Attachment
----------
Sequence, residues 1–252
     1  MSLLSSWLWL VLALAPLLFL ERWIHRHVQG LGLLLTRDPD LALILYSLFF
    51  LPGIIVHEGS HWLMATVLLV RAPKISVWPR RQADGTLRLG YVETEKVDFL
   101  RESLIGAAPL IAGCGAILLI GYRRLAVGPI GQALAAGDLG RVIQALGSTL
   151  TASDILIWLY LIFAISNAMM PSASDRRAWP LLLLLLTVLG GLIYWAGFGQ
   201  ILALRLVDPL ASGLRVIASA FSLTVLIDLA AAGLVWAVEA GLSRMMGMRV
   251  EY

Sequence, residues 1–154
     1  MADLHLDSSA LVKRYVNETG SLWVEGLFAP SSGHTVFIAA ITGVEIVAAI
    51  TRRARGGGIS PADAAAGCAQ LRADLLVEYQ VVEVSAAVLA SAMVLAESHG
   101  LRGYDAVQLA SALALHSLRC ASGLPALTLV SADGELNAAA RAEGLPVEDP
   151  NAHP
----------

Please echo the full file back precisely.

Sequence, residues 1–252
     1  MSLLSSWLWL VLALAPLLFL ERWIHRHVQG LGLLLTRDPD LALILYSLFF
    51  LPGIIVHEGS HWLMATVLLV RAPKISVWPR RQADGTLRLG YVETEKVDFL
   101  RESLIGAAPL IAGCGAILLI GYRRLAVGPI GQALAAGDLG RVIQALGSTL
   151  TASDILIWLY LIFAISNAMM PSASDRRAWP LLLLLLTVLG GLIYWAGFGQ
   201  ILALRLVDPL ASGLRVIASA FSLTVLIDLA AAGLVWAVEA GLSRMMGMRV
   251  EY

Sequence, residues 1–154
     1  MADLHLDSSA LVKRYVNETG SLWVEGLFAP SSGHTVFIAA ITGVEIVAAI
    51  TRRARGGGIS PADAAAGCAQ LRADLLVEYQ VVEVSAAVLA SAMVLAESHG
   101  LRGYDAVQLA SALALHSLRC ASGLPALTLV SADGELNAAA RAEGLPVEDP
   151  NAHP